Florida health officials report 2,811 new cases of COVID-19

Over 5 million people have been tested in Florida

President Donald Trump supporter Richard Potcner, drinks a coffee at the main gate of Walter Reed National Military Medical Center in Bethesda, Md., Saturday morning, Oct. 3, 2020. Stricken by COVID-19, Trump was flown to Walter Reed on Friday night. (AP Photo/Jose Luis Magana) (Jose Luis Magana, Copyright 2020 The Associated Press. All rights reserved)

ORANGE COUNTY, Fla. – As the country waits for news on the president’s condition, after he and the First Lady tested positive for COVID-19, thousands of new cases are being reported.

Florida health officials reported 2,811 new cases of coronavirus Saturday. The new cases bring Florida’s total to 714,615 for people who have tested positive for the virus that was first detected in the state in March.

[TRENDING: Latest updates: Trump, first lady test positive for coronavirus | Tropical Storm Gamma forms in Caribbean, heavy rain coming to Central Florida | Cam Newton reportedly tests positive for COVID-19]

Currently, there are 2,038 people hospitalized in Florida with the virus, according to the state Agency for Health Care Administration.

The state reported 134 new hospitalizations on Friday bringing the total to 44,623 for individuals who have been hospitalized since March because of the illness.

On Saturday, the Florida Department of Health reported 74 people have recently died from coronavirus. These fatalities bring the state death toll up to 14,628 including 175 non-resident deaths.

State health officials have always maintained that virus fatalities are often delayed in being reported to the DOH, but according to a new Miami Herald Investigation, some deaths are not reported for a month or more.

Florida’s rate for those who tested positive for the first time was 4.79%, compared to the overall test reported in one day.

The new cases come as Florida continues to lift restrictions and mandates.

According to the Associated Press, Florida has gone the furthest in lifting restrictions, especially on restaurants where the burden of ensuring safety has shifted to business owners and residents — raising concerns of a resurgence.

In some of Florida’s touristy neighborhoods, patrons have since been flocking to bars and restaurants, filling terraces, defying mask orders — drawing mixed reactions from business owners and other customers.

Shutdowns and restrictions have battered Florida’s economy, leaving hundreds of thousands unemployed in the tourist-dependent state.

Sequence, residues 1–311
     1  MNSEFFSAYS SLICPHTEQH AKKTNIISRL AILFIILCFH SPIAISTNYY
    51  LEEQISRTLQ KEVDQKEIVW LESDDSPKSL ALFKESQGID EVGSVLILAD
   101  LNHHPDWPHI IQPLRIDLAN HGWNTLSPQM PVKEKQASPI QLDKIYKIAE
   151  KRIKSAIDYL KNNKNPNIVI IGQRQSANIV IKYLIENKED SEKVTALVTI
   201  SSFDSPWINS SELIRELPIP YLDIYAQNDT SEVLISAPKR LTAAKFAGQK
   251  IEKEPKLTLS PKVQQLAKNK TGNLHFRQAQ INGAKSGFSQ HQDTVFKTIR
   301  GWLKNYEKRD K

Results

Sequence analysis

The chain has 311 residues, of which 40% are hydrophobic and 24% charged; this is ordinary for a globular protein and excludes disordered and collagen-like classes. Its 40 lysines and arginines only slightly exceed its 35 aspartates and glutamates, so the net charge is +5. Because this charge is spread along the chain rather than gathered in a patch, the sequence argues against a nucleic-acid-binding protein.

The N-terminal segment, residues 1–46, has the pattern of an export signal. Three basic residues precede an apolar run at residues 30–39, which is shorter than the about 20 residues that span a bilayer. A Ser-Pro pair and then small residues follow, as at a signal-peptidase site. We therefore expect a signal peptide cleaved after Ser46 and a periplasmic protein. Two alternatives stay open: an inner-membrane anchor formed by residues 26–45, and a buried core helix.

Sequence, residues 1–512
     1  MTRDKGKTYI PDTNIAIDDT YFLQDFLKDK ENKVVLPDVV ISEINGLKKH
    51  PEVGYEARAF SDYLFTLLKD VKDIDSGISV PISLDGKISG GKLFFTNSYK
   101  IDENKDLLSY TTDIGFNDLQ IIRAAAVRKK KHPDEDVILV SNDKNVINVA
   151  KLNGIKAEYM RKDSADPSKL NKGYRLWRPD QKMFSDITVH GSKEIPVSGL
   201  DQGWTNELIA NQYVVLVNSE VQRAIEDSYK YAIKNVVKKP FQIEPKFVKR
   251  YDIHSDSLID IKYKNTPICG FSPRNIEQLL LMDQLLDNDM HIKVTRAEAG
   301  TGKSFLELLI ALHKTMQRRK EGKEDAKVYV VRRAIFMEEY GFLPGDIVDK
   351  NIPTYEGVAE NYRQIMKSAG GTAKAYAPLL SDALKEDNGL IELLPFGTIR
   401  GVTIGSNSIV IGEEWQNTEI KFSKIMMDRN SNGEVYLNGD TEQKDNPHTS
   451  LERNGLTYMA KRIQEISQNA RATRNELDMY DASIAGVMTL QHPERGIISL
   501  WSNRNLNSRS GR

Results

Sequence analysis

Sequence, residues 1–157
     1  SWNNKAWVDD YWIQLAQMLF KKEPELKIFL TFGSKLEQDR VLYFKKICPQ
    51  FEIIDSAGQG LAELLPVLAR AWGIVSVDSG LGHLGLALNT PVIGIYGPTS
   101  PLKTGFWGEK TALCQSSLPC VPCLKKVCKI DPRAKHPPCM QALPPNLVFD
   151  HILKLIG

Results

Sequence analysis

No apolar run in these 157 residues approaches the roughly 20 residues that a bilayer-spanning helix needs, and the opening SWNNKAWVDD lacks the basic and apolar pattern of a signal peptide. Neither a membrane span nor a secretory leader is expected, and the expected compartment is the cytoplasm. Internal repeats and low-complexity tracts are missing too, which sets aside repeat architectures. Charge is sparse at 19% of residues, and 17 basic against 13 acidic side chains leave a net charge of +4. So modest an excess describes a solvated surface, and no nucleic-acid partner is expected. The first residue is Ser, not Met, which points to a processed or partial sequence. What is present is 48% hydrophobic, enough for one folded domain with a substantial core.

Earlier this week, The Walt Disney Co. announced it would lay off 28,000 workers in its theme parks division even after the Florida parks were allowed to reopen this summer.

[YESTERDAY’S REPORT: Florida reports 2,660 new coronavirus cases as President Trump’s positive test creates uncertainty]

If you are having trouble viewing the dashboard on mobile, click here.

Here are three things to know about the coronavirus for Oct. 3:

  • Latest update on Trump: President Donald Trump remains at the Walter Reed National Military Medical Center after testing positive for the coronavirus White House officials said as a precautionary measure, Trump received a single 8-gram dose of Regeneron’s polyclonal antibody cocktail. He has also been taking zinc, Vitamin D, famotidine, melatonin and daily aspirin, according to White House officials.

[Latest updates: President Trump arrives at Walter Reed National Military Medical Center]

  • DeSantis says closing schools was a mistake: Gov. Ron DeSantis said Friday that closing school campuses in the spring as the coronavirus pandemic took hold might have been one of the nation’s biggest “public health mistakes.” Florida shut down school and college campuses in March, with students shifted to online learning. DeSantis and Education Commissioner Richard Corcoran have pushed heavily to reopen classrooms for the new school year. Read more by clicking or tapping here.
  • House Democrats pass partisan COVID bill: Democrats controlling the House narrowly passed a $2.2 trillion COVID-19 relief bill Thursday night, a move that came as top-level talks on a smaller, potentially bipartisan measure dragged on toward an uncertain finish. The Democratic bill passed after a partisan debate by a 214-207 vote without any Republicans in support. The move puts lawmakers no closer to actually delivering aid such as more generous weekly unemployment payments.

Below is a breakdown of COVID-19 cases in the Central Florida region:

CountyCasesNew casesHospitalizationsNew hospitalizationsDeathsNew deaths

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